Im Focus: Scientists channel graphene to understand filtration and ion transport into cells

Tiny pores at a cell's entryway act as miniature bouncers, letting in some electrically charged atoms--ions--but blocking others. Operating as exquisitely sensitive filters, these "ion channels" play a critical role in biological functions such as muscle contraction and the firing of brain cells.

To rapidly transport the right ions through the cell membrane, the tiny channels rely on a complex interplay between the ions and surrounding molecules,...

Im Focus: Towards data storage at the single molecule level

The miniaturization of the current technology of storage media is hindered by fundamental limits of quantum mechanics. A new approach consists in using so-called spin-crossover molecules as the smallest possible storage unit. Similar to normal hard drives, these special molecules can save information via their magnetic state. A research team from Kiel University has now managed to successfully place a new class of spin-crossover molecules onto a surface and to improve the molecule’s storage capacity. The storage density of conventional hard drives could therefore theoretically be increased by more than one hundred fold. The study has been published in the scientific journal Nano Letters.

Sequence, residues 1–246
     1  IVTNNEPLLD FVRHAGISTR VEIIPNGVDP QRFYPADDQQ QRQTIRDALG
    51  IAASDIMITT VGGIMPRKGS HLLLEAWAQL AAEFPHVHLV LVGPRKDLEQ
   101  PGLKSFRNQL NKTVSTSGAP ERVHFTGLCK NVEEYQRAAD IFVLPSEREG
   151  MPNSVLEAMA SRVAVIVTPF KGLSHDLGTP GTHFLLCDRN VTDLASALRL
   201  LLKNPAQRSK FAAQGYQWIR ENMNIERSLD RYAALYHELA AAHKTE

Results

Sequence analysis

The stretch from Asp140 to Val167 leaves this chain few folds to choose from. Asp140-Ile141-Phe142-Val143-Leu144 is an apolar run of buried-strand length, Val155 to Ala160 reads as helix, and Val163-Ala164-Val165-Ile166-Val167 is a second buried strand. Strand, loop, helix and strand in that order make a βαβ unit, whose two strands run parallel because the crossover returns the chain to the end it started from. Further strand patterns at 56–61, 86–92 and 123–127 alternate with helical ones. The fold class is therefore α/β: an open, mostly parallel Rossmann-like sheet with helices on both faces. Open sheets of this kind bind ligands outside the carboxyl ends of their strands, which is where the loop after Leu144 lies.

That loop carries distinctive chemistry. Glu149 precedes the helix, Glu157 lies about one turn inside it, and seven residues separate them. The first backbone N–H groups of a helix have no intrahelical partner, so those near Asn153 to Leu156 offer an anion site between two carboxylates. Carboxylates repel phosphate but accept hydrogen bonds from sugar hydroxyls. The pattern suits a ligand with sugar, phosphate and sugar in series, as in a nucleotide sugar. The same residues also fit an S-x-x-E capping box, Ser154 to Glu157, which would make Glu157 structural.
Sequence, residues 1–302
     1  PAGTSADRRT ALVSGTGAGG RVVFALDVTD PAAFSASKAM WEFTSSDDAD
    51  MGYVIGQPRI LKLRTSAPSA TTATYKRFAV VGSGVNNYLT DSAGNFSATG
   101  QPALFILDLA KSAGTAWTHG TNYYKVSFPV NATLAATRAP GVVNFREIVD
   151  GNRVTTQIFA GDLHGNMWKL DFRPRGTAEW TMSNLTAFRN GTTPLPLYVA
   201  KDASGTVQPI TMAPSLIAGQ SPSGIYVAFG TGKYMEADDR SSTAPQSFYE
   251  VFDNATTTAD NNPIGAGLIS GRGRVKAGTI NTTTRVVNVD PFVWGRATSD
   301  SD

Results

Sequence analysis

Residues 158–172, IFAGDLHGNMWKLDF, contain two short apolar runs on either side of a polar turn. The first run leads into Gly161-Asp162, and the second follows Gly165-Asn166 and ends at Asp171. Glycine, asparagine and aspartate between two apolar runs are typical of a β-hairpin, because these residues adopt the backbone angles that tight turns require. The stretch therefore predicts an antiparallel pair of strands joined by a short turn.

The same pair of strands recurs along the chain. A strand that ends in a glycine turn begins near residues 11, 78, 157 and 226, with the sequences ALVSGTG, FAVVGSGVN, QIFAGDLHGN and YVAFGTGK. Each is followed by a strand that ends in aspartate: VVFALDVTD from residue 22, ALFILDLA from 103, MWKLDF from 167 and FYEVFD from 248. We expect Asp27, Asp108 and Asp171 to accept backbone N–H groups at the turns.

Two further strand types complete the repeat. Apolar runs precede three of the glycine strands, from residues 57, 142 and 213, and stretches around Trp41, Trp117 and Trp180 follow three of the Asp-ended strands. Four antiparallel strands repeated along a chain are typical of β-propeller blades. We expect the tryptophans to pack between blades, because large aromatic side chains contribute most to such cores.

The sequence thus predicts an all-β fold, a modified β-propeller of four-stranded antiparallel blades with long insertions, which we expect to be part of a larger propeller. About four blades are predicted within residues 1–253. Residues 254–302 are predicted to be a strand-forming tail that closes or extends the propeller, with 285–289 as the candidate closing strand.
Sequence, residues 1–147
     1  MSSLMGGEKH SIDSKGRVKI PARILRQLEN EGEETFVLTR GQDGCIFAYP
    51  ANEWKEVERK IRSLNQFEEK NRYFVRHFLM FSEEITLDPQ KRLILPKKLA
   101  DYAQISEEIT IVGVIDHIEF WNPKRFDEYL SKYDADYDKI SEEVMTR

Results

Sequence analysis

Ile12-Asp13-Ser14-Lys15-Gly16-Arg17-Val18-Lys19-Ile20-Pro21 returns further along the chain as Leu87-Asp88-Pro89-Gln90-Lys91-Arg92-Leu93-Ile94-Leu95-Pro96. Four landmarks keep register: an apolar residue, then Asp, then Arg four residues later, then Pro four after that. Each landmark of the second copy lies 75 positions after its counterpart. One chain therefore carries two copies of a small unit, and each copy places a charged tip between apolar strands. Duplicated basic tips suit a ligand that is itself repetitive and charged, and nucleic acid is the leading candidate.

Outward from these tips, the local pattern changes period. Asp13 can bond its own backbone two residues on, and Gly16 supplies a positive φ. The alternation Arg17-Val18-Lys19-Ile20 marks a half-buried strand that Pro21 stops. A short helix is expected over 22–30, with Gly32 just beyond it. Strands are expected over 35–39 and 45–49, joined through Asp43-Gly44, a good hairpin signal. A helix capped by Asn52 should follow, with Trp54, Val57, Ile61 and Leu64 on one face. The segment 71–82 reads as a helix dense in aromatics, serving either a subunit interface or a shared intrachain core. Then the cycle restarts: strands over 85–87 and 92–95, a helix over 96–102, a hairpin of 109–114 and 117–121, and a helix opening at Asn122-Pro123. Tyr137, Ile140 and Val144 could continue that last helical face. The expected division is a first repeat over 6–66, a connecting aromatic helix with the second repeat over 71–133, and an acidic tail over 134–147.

Over the past few years, the building blocks of storage media have gotten ever smaller. But further miniaturization of the current technology is hindered by...

All Focus news of the innovation-report >>>

Anzeige

Anzeige

Event News

See, understand and experience the work of the future

11.12.2017 | Event News

Innovative strategies to tackle parasitic worms

08.12.2017 | Event News

AKL’18: The opportunities and challenges of digitalization in the laser industry

07.12.2017 | Event News

 
Latest News

Engineers program tiny robots to move, think like insects

15.12.2017 | Power and Electrical Engineering

One in 5 materials chemistry papers may be wrong, study suggests

15.12.2017 | Materials Sciences

New antbird species discovered in Peru by LSU ornithologists

15.12.2017 | Life Sciences

VideoLinks
B2B-VideoLinks
More VideoLinks >>>